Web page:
'Pasta filata’ is the term used in Italy for stretched curd cheeses, but you can just call them, ‘ultimate melting cheeses for your next pizza party'.
Fresh, stretchy, milky and sweet are just some of the descriptors you can use for stretched curd cheese, also known as pasta filata cheeses in Italy. Pasta filata cheeses are when the fresh cheese curds have been plunged into hot water, and then while warm stretched into a shape. The heat from the water causes the curd to seize and the protein to change making it stretch, rather than break in a brittle way, and creates a texture to the finished cheese.
There are a few variations of this style of cheese, from the simplest version of stretching and manipulating the curds to create bocconcini and mozzarella, and all the variations in this same style - cilegieni (cherry sized bocconcini), treccione (plaited mozzarella) and the drier longer lasting scamorza. These cheeses are most commonly made with cow and buffalo milk. On the sexier end of this style comes burrata, where mozzarella is filled with creamy stracciatella (essentially mozzarella strands suspended in cream) and finished with a top knot. Burrata is a great single serve option to surround with peaches, mint and plums for a perfect summer salad. Always make sure you buy them as fresh as possible, as they are meant to be eaten straight away. Also, bring the cheese to room temperature, before serving to improve flavour and texture.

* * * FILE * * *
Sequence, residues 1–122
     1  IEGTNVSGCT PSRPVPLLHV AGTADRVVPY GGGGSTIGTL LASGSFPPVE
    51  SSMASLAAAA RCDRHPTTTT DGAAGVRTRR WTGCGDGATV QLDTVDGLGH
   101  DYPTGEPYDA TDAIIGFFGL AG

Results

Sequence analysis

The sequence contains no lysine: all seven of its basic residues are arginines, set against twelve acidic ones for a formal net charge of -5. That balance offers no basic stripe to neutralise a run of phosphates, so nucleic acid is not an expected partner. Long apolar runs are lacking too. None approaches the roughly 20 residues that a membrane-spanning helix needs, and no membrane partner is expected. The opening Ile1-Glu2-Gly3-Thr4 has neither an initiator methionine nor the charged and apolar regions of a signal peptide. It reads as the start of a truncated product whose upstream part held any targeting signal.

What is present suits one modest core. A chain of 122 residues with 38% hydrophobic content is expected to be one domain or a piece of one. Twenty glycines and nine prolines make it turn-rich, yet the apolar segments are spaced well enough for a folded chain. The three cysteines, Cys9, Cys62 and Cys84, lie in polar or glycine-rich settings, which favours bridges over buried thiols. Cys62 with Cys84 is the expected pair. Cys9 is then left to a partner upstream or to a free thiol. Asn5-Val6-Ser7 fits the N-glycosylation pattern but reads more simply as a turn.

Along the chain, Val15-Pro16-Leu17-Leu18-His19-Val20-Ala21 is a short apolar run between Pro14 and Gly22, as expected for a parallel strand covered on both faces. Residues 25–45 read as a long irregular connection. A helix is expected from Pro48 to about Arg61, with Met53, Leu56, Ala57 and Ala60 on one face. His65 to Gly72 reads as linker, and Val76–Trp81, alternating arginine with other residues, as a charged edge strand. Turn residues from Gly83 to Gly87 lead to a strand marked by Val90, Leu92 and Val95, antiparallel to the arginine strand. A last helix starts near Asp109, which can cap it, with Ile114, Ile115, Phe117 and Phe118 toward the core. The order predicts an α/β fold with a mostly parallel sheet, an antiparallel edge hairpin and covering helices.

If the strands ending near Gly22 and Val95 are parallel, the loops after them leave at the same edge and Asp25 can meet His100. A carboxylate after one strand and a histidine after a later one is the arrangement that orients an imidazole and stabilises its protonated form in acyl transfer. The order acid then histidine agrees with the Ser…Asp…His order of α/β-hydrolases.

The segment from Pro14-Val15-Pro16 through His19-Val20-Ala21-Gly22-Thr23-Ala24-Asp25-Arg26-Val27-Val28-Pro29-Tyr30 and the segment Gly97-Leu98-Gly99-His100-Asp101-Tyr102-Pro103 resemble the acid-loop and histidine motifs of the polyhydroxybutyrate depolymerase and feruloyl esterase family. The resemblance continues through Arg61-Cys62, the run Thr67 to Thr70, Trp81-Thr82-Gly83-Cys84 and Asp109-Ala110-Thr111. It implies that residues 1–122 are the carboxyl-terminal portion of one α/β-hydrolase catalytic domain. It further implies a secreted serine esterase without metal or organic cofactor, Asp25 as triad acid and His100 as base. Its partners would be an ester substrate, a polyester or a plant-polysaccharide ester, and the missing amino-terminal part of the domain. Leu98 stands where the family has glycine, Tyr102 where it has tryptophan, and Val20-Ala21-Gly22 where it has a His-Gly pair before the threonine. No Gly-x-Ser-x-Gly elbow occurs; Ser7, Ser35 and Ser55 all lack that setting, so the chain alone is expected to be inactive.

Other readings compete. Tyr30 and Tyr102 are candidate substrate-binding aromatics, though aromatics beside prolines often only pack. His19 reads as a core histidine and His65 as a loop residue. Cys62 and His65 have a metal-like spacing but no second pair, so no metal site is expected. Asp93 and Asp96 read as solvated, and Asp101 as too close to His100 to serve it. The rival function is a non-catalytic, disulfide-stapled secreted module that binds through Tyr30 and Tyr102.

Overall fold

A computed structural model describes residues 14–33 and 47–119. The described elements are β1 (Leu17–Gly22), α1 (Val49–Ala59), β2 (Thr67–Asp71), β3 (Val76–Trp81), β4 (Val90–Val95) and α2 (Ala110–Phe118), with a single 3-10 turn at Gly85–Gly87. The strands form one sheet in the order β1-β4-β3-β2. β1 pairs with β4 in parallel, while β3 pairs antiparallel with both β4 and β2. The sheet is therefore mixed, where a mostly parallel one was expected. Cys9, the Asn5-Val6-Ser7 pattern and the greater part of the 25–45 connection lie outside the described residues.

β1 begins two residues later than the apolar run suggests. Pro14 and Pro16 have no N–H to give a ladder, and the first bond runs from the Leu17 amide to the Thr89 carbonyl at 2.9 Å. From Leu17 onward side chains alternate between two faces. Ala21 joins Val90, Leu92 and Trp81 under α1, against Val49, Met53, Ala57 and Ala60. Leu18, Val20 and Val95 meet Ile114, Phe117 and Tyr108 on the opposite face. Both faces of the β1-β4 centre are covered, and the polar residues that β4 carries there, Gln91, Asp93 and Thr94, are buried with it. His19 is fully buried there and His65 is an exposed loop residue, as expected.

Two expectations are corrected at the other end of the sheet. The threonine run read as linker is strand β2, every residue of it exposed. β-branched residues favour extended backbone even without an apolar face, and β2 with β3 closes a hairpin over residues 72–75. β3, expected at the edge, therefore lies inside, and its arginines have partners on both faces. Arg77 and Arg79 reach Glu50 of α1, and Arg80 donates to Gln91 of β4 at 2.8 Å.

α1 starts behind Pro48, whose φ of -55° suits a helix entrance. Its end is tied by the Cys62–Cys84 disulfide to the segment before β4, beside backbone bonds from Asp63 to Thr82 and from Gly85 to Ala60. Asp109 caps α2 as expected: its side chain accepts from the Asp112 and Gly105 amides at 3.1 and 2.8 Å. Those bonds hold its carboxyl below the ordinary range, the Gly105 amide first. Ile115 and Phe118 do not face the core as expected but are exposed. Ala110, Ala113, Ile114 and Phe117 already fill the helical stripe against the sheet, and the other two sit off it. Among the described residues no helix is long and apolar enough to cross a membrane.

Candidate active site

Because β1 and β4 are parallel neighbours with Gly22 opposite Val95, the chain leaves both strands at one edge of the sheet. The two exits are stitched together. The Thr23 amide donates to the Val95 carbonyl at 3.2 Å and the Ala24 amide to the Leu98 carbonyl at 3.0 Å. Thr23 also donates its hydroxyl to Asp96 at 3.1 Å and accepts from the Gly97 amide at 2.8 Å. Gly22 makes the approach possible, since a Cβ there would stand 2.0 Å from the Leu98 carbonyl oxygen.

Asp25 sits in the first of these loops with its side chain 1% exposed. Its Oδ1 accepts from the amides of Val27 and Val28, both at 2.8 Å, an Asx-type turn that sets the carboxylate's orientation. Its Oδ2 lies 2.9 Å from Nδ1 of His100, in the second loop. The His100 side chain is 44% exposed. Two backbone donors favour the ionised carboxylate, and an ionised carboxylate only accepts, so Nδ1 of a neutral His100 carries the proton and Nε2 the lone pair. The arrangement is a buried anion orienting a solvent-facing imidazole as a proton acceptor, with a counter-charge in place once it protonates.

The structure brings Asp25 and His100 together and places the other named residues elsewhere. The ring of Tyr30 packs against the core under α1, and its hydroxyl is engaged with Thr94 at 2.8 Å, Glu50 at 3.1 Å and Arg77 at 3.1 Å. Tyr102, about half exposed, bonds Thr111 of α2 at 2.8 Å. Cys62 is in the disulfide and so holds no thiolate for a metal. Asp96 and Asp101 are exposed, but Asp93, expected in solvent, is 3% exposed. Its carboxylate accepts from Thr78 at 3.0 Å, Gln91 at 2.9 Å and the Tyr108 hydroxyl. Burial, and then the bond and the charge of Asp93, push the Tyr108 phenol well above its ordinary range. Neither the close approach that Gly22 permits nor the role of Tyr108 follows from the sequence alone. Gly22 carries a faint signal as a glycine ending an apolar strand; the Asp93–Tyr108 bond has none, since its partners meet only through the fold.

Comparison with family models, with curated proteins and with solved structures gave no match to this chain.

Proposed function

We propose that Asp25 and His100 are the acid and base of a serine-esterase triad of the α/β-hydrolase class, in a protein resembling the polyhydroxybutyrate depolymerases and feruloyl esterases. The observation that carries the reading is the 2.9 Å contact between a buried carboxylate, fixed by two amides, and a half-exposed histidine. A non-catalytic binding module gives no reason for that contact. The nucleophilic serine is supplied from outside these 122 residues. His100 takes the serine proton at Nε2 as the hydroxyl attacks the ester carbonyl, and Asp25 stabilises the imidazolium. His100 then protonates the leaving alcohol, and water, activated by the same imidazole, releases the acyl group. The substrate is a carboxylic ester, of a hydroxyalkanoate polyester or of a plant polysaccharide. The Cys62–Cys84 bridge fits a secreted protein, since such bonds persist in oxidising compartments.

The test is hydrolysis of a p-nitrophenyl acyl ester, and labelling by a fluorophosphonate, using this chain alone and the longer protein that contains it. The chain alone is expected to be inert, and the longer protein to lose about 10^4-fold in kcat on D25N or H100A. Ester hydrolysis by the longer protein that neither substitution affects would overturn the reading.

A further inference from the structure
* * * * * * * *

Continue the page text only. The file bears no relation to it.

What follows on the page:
The Mexican cheese, Oaxaca (pronounced wuh·haa·kuh) fits into this category too as it was introduced to Mexico from Italy. This cheese is a great melting cheese, making it perfect for quesadillas, we use it as one of the cheeses for our cheese toastie to add to the theatre, lighten the blend and even-out the funk of the Raclette.
The other style for stretched curds is when the cheese has been cured or flavoured, and aged. Bigger cheeses like Caciocavallo, Ragusano or Provolone and Spanish tetilla fit into this catergory, are aged for 3 weeks to 24 plus months. The rinds can be rubbed with olive oil, butter and paprika, and sometimes smoked to preserve the cheese and hinder mould growth on the surface. These are amazing to cook with and they are also the perfect snacking cheese served as part of an antipasto with some olives, anchovies and crusty bread. Try adding smoked scamorza or tetilla to your mac and cheese, or lasagne, for lovely depth of flavour.
Penny’s top picks
Vannella buffalo mozzarella
Fresh, lactic (bright) and milky. A staple for making memorable salads or with just the very best olive oil and pepper. Simple and yet perfect. When buying mozzarella try to buy one that has travelled the least as it is best eaten fresh!
Caciocavallo Silano PDO
Buttery, fruity, spicy and chewy. This cheese looks like it won’t taste like much, but it packs a punch. I fell in love with Caciocavallo when I was working in London. Even when it is cold (as it was in the cheese room) it has flavour, and the texture is chewy and pleasing.
That’s Amore stracciatella
Creamy, sweet and decadent. What we really want when we get a burrata. Lush. I put this in a salad of raw zucchini, mint, lemon rind and fresh chilli.
By Penny Lawson, Penny’s Cheese Shop.